Nebe, Arthur

Arthur Nebe
Arthur Nebe

Arthur Nebe (13 Nov. 1894 – 21 March 1945), SS Gruppenführer, became head of Germany’s Criminal Police in 1936. In 1939, one of Nebe’s subordinates, Christian Wirth, got involved in supervising the so-called euthanasia action, which is said to have consisted of killing severely mentally disabled patients with bottled carbon-monoxide gas. Hence, Nebe was probably aware of what methods were used to quickly carry out this “mercy killing.”

In June 1941, he volunteered to head Einsatzgruppe B, which he led from its inception just before the beginning of the war against the Soviet Union until October 1941, hence for some four months. As such, he approved several Einsatzgruppen reports sent to Berlin which documented the execution of thousands of Jews in the deployment area of his Einsatzgruppe B.

The current orthodox narrative has it that Nebe played a central role in the invention of gas vans in the second half of 1941. After Himmler had allegedly witnessed a mass execution in mid-August 1941 by Nebe’s unit, he is said to have ordered a more-humane mass-execution method to be developed, although no documental evidence exists either for Himmler attending such an execution or for him issuing such an order, other than a bogus post-war affidavit by Erich von dem Bach-Zelewski.

A rumor spread by Albert Widmann has it that the idea to use engine exhaust to kill people in vehicles occurred to Arthur Nebe when he allegedly gassed himself by accident in his car after having driven home drunk. However, since remote-controlled garage doors didn’t exist back then, he or someone else must have closed that door, or else no accidental gassing could have occurred. Therefore, either Nebe wasn’t alone, then no accidental gassing could have occurred, or he was alone, but then had to get out of the car while leaving the car running, then close the garage door, then get back in the car and fall asleep with the car still running. This is hardly a credible scenario. Furthermore, considering that Nebe was familiar with the euthanasia killings and how they operated, and the toxicity of gasoline-engine exhaust was certainly known to this head of Germany’s criminal police, the claim that it took an accidental self-gassing while drunk to come up with this idea is also preposterous. Because Nebe died before the end of the war and never made a statement about any of this, this entire story is moreover based only on hearsay claims and thus completely unfounded.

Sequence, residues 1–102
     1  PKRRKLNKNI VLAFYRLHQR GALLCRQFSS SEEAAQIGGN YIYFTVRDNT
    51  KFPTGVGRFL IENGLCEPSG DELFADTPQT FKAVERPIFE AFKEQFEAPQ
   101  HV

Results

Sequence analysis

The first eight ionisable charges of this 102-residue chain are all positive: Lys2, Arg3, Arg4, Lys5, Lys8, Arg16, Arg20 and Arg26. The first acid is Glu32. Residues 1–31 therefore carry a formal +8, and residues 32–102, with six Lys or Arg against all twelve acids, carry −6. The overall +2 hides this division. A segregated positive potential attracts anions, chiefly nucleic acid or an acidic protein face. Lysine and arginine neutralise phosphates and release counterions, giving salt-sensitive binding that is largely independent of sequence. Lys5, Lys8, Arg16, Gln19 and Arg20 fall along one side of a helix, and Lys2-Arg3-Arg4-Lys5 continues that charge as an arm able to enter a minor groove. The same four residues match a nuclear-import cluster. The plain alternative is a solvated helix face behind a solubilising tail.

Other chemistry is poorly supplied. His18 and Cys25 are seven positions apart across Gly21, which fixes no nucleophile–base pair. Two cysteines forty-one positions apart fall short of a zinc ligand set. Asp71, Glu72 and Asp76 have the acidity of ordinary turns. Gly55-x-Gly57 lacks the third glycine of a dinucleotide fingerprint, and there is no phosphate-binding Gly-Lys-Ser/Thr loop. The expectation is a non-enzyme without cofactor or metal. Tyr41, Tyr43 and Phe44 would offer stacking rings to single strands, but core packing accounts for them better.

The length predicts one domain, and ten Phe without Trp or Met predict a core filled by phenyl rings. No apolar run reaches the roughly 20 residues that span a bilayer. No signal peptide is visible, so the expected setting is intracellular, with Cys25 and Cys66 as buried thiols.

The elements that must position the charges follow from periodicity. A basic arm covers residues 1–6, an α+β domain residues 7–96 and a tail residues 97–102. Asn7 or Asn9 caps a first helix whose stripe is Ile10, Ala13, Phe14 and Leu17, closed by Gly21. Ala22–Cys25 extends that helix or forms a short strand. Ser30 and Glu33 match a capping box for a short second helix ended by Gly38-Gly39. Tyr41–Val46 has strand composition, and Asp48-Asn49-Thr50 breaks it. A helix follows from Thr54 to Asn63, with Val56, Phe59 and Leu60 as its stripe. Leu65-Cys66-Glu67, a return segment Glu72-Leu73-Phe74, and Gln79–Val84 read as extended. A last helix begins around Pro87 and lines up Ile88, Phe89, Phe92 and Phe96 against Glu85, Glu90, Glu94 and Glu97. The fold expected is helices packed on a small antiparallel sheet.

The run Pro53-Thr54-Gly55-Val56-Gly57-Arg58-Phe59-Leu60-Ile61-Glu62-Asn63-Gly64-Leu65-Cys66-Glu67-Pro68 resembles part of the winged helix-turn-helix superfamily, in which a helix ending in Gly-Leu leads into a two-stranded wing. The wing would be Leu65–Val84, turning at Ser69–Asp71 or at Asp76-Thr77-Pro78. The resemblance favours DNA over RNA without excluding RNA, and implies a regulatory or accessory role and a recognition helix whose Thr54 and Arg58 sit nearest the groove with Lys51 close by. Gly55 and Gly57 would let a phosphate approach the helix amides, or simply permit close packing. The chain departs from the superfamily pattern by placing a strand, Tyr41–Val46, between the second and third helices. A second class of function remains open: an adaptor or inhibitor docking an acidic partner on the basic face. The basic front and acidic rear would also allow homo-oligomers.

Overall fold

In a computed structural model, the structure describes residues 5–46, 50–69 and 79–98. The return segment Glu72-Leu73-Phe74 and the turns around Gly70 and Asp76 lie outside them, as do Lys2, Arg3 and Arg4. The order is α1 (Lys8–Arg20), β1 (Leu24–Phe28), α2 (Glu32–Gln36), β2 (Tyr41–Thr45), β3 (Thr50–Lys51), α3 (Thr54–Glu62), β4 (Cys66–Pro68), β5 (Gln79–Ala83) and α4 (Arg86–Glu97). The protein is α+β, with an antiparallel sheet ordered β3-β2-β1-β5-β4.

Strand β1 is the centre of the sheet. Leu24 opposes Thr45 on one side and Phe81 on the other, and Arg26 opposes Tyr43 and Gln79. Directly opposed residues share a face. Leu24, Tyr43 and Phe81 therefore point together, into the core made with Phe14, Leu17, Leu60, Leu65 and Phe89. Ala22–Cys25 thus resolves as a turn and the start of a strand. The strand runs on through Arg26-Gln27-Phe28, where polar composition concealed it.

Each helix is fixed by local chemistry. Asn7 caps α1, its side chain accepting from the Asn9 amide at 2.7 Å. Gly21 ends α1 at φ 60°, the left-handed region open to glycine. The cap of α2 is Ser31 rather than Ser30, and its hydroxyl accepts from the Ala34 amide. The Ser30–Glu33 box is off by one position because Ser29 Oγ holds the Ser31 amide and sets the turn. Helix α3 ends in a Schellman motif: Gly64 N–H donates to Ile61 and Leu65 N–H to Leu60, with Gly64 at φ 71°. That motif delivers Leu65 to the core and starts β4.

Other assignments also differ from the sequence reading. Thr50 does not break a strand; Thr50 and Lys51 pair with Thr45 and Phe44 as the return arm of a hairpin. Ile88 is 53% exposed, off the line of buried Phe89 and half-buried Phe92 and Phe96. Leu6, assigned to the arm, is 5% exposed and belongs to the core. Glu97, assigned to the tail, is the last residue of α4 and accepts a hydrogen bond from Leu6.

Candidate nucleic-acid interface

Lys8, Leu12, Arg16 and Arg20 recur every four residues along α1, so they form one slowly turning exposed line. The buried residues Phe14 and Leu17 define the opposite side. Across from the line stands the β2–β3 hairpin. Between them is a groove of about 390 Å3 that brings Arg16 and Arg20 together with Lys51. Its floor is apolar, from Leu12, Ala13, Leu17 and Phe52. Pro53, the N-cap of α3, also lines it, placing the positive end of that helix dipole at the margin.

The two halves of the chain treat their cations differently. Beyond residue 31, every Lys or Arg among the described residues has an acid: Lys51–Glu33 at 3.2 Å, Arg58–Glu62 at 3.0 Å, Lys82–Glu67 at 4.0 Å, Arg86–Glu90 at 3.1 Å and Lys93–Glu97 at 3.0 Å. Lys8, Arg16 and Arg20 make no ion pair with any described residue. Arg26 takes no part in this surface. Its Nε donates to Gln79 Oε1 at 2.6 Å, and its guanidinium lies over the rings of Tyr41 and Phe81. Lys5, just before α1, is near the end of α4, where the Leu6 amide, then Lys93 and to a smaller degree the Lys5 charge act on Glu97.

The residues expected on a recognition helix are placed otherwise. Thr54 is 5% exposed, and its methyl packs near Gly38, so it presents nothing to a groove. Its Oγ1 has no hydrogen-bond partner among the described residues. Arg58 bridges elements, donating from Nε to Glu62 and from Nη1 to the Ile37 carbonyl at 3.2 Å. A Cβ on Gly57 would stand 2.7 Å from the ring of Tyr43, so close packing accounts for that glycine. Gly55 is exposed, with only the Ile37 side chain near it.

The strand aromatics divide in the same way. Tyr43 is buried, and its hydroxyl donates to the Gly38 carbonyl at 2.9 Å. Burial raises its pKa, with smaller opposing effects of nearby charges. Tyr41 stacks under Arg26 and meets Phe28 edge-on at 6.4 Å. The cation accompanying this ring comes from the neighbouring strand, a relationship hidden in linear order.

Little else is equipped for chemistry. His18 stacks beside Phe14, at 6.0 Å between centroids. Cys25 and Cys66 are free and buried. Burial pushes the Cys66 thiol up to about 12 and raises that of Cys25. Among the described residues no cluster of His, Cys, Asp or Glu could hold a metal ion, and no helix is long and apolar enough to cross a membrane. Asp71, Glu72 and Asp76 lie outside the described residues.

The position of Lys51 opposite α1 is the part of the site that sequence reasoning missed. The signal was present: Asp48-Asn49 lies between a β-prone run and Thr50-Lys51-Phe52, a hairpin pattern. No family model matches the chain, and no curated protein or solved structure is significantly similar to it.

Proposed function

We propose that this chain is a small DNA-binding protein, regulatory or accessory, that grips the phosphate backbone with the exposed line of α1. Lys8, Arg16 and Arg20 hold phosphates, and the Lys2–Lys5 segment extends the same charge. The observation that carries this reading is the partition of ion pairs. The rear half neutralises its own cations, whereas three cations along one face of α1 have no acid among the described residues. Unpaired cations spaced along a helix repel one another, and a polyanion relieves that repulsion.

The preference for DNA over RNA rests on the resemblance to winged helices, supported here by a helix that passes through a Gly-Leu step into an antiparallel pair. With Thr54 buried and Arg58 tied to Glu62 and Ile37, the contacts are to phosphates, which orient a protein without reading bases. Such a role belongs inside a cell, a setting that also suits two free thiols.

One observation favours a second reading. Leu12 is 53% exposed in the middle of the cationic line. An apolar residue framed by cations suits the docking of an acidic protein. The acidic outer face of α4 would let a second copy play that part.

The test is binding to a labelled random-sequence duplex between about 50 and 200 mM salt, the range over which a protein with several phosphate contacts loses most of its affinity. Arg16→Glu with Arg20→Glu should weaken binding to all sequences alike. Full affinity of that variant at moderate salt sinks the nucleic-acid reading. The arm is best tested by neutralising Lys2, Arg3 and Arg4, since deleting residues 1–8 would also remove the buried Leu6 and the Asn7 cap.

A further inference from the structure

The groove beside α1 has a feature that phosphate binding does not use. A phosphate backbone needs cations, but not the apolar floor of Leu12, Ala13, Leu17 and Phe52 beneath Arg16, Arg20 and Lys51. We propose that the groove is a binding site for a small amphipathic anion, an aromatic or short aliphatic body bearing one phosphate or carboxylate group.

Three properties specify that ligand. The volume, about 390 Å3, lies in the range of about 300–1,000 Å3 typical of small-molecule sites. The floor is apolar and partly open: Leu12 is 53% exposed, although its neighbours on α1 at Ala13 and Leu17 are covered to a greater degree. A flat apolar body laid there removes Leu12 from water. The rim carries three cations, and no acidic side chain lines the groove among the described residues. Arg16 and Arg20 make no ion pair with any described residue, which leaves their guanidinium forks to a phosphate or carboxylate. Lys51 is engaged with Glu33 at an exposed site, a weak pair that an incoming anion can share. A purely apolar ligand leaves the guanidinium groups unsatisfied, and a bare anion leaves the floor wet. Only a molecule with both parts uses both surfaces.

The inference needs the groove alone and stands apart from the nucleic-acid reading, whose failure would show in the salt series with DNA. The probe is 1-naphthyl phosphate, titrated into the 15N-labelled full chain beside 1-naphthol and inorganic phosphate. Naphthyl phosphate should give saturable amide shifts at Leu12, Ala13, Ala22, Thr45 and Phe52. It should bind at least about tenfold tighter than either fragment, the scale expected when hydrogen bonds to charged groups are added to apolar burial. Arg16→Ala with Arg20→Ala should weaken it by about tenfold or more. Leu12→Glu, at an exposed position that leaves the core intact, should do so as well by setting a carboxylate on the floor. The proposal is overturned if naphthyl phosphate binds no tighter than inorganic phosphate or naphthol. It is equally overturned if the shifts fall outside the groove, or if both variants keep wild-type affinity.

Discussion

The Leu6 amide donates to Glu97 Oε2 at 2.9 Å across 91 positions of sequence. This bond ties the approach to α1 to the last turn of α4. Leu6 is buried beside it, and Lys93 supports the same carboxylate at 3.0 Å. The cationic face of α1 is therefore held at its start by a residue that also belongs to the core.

After the war, the myth was created with a number of manipulative maneuvers by postwar investigators: that Nebe, together with Albert Widmann, a chemist at the German Institute for Criminological Technology in Berlin (Kriminaltechnisches Institut), went on a trip from Berlin to Minsk in order to do some tests to find out how best to mass-murder people. The two are said to have traveled a thousand kilometers east with 400 kg of explosives in their car to test whether it was feasible to blow up mentally ill people with dynamite. The story is so outrageously absurd that it boggles the mind why it ever found credence. Since this story is closely linked to investigations related to Albert Widmann, the issue is discussed in more detail in the entry dedicated to him.

(For more details, see also Alvarez 2023, pp. 219-225; Mattogno 2017, pp. 10–16; 2022, pp. 293-302.)

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